To MiLB Europe and Beyond!

With a genuinely fascinating idea for cementing European fandom post-London, it’s Les McCaughan.

It’s 2028:

This is a hypothetical look at what Professional Baseball might look like in Europe in 10 to 20 years time, if the MLB London Series is the success we all hope and believe it will be. And bearing in mind the impracticalities of a London MLB Franchise, at least until someone invents Star Trek style Transporters!

Remembering we’re now in the year 2028, and we still haven’t been wiped out by Skynet!

Major League Baseball has held 7 London Series in the last 10 years, and they’ve been an undoubted success. With fans clamouring for more baseball, and an increase in playing numbers, with a host of new amateur teams across Europe, MLB themselves will see there’s a talent pool and fan base that needs to be nurtured.

Hot on the tail of the first 4 game London Series between the Montreal Expos and the Toronto Blue Jays (Tampa Bay relocates to Montreal by 2024). MLB announce a press conference to reveal their plans for Europe’s first fully professional Baseball League, and it will be the first fully fledged Minor League outside North America.

The European League would initially start with 6 teams across the continent;







The cities of course are hypothetical…

Each team would play a 60 game schedule, facing each of the other teams twelve times between June and September. With the 1st place team going into the best of 5 Euro Series, facing the winner of a three game play-in between the 2nd and 3rd placed teams.

Rosters could be made up with  draft picks, rookie and A ball players, with each MLB club will be required to designate a few players each to start. At least half the roster spots initially should be taken up by European prospects, with the goal of expanding the number of homegrown players season on season.

The ultimate goal for this league is to have rosters exclusively made up of Europeans, and then at that point it could look to expand to 8 teams and maybe more.

For the homegrown players themselves the Euro League would take the place of College Baseball and Rookie A level, with the best going on to graduate to AA and AAA in the United States. And ultimately we will see more players from the UK and Europe in the Majors.

What about infrastructure?

As part of MLB’s continued international expansion they will invest $$$, creating centres of excellence with ballparks of up to 10’000 capacity for Euro League teams to play. These would be built either at existing local baseball parks or brand new from the ground up.

This will allow players and fans to have the full baseball experience.

The next question is why would this succeed when more popular sports Leagues like NFL Europe failed?

First of all it’s baseball, it doesn’t cost nearly as much to to run a Minor League baseball team as it does a Professional American Football team, even at a development level.

With the full backing of MLB this League shouldn’t have any problems finding partners and sponsors, to help reduce running costs.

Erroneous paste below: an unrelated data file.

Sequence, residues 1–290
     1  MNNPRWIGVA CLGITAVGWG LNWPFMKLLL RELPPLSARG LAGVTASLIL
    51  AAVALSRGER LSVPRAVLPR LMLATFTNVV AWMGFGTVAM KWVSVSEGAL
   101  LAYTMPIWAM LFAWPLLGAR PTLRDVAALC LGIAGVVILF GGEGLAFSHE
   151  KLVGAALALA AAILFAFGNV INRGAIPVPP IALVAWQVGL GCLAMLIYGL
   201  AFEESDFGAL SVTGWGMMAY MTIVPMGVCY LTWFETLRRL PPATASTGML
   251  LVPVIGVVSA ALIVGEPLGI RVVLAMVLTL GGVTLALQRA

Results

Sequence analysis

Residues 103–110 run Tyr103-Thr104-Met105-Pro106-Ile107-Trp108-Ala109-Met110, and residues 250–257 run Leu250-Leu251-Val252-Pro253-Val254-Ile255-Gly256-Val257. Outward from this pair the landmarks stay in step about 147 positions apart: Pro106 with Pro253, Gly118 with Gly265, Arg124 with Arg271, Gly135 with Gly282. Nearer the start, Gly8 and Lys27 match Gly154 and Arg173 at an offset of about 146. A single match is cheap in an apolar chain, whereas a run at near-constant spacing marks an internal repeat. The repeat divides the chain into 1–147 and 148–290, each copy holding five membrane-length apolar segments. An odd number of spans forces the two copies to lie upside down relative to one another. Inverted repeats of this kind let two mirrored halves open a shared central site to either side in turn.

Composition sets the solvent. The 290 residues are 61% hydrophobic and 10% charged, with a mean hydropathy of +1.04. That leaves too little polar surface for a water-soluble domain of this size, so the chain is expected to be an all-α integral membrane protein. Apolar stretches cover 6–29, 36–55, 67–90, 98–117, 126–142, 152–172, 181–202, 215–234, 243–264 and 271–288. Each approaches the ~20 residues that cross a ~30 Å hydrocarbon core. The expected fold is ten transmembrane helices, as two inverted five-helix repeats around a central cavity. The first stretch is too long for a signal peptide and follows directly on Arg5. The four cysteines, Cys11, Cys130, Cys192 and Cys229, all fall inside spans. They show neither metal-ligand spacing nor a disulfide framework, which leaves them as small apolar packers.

We also wouldn’t have the same player attrition levels as Gridiron, and it’s a lot more accessible for youngsters growing up, especially once the teams open Youth Academies and start local age grade teams.

If MLB are looking for a way to lay down roots following the London Series, how about this? Us enthusiasts would definitely come!


  1. Nice plan / prophecy! A lot can happen in a decade, yet in baseball years three decades is a notable sample of evolution. In 1988 Australia had Craig Shipley in the majors and the inaugural Australian Baseball League began during the summer of 1989-90. Leap forward thirty years and thirty-three Aussie players had MLB experience and two versions of the ABL i.e. 1989-90 to 1998-99 and 2010-11 to date. Now that might look impressive, but keep in mind the ABL collapsed and it took until 2010-11 for it to return. So there is plenty of fragility to having a professional league. Climatically baseball is played year-round in local leagues in Australia and this no doubt helps the cultivation of the sport and player talent. Therefore one slight disadvantage Europe has is probably not having the climate to allow local leagues to play year-round, and as a result the cultivation of local players might be slower. Travel within Europe is closer and cheaper than within Australia and that would certainly help with league overheads. It’s completely reasonable MLB might help fund the league because they did this until recently with the ABL, but facilities are expensive and this has been a challenge for the ABL. The new Auckland ABL franchise plans to use a multiple purpose stadium, but purpose built baseball fields is hard work and this is something New Zealand is working toward eventually achieving. An NFL league in Europe was ambitious but the rules of the game require plenty of study. Baseball is probably easier to follow and that will be helpful for any professional league to be embraced. A professional league in Europe would be great for baseball and it is certainly doable and worth trying.

    1. The ABL has struggled to break-even and a league in Europe would reasonably expect initial losses. Profitability would be an eventual goal, yet it might take a long investment from MLB to get there.

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